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Excerpt from Sex, Cheese and French Fries

Chapter Six

What Did You Say?

Illustration by Jeannie Winston

When it comes to the matter of expressing ourselves in our respective tongues, a double standard definitely reigns supreme in our household. My inability to curse convincingly in French is met with pity and mockery by Pierre and his compatriots. Yet his frequent — not to say often incomprehensible — mangling of the English language has the exact opposite effect: people find it amusing and charming. Life isn't fair. Herewith, the defense offers into evidence Exhibit A — a transcript of actual conversations in which linguistic Bonsoirno-isms abound. You be the judge. (For those baffled by the meaning of some of these bons mots, a glossary of attempted translations has been thoughtfully footnoted throughout this chapter.)

Pierre and our German friend, Heinrich, a gentle but serious type prone to doom and gloom predictions, are sitting around our living room, which this month features dazzling sequined and beaded Haitian Vodou wall hangings and metal sculptures, making it feel mysterious and stimulating. They are shooting the breeze, taking in the aroma of Jasmine-blooming season wafting in through the open front door when our Brazilian buddy, Leandro, stops by. The three of them have lived in the States for over 15 years, yet still distort the English language to perfection.

"Ciao!" says Leandro, his sparkly white smile clashing with sleepy, marijuana-red eyes and honey brown skin. "I don't know if you get my massidge [message] that I might come by."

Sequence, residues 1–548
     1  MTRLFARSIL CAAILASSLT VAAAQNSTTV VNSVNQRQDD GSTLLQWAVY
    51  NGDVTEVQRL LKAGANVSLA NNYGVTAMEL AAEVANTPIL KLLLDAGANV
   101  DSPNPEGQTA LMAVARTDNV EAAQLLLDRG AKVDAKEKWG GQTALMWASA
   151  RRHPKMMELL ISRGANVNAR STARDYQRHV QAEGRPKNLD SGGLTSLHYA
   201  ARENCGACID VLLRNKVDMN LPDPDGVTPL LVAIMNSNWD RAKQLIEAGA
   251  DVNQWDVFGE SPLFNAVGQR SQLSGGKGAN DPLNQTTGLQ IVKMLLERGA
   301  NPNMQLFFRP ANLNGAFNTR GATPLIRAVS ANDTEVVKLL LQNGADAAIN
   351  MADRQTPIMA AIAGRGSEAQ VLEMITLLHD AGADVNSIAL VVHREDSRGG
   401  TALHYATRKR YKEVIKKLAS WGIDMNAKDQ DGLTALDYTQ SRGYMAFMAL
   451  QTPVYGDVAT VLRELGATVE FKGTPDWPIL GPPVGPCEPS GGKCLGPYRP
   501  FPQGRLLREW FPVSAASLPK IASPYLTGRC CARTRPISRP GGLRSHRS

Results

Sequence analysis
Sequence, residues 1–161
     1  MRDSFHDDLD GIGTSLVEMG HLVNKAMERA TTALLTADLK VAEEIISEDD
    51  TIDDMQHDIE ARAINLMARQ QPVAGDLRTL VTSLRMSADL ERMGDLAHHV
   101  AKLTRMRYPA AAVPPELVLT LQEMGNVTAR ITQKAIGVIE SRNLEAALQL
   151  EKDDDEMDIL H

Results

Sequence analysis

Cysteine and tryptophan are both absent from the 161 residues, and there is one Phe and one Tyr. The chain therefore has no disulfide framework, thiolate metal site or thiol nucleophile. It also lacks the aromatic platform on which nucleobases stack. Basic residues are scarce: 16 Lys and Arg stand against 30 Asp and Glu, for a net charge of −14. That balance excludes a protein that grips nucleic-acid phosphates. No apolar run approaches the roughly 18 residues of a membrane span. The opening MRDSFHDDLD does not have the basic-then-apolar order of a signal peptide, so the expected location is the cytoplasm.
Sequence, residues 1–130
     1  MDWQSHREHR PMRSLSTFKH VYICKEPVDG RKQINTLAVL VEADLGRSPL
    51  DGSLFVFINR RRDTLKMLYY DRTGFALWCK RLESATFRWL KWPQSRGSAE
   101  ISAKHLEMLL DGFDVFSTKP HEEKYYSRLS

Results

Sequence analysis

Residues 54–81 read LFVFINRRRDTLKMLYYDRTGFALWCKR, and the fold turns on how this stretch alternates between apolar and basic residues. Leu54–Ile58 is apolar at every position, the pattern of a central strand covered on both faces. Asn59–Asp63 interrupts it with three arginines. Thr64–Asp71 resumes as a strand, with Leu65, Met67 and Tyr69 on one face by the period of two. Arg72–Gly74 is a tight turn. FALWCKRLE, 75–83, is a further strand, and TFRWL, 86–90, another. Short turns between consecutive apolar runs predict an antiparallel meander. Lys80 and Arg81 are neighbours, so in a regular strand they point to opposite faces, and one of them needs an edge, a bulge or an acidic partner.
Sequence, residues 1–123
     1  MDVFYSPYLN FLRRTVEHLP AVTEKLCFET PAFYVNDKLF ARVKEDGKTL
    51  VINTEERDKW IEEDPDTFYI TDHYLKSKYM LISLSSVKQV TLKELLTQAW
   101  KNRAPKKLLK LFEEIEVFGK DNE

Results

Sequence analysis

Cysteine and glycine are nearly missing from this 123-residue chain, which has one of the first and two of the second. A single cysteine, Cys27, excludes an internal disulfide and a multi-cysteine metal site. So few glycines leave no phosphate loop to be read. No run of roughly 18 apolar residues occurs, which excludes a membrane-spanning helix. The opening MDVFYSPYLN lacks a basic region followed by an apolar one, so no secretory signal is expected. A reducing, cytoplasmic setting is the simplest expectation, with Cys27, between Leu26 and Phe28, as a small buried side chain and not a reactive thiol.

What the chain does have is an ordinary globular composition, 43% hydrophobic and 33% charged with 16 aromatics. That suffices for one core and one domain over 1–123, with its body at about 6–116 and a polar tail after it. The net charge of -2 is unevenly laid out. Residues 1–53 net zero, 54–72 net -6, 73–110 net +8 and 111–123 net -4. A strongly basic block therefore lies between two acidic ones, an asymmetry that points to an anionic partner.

"I heard that remar," [remark] Pierre says jovially. "Come on in, man. You know Heinrich, right?

"Hi," Heinrich says. Are you the person who does drumming?"

"Yes. There is going to be a hot jam session tonight downtown at my friend, Felipe's place. You guys should come."

"What time?" Pierre says.

"It's starting early, around 6:30, because two of us have gigs later on."

"Downtown at 6:30? That jam traffic [traffic jam] is going to be terribly bad," Pierre says.

"That is the real shit hell," Heinrich adds, his bushy eyebrows furrowed for effect.

"Aw, come on, I'm filled up [fed up] with everyone always winning [whining] about traffic in this city."

"Hey, it is not joke out there!" Heinrich says. "And it only get worse. The other day, I run so late to meet my big client because of the hell on the 101, I was sitting like oil sardines and I felt like I was in front of dying."

"What did he say?" Leandro asks Pierre.

"He means he wanted to kill himself," Bonsoirno explains.

"Ay, caramba," Leandro says, shaking his dreadlocked head. "I don't want you dying, man...."

• • • • •

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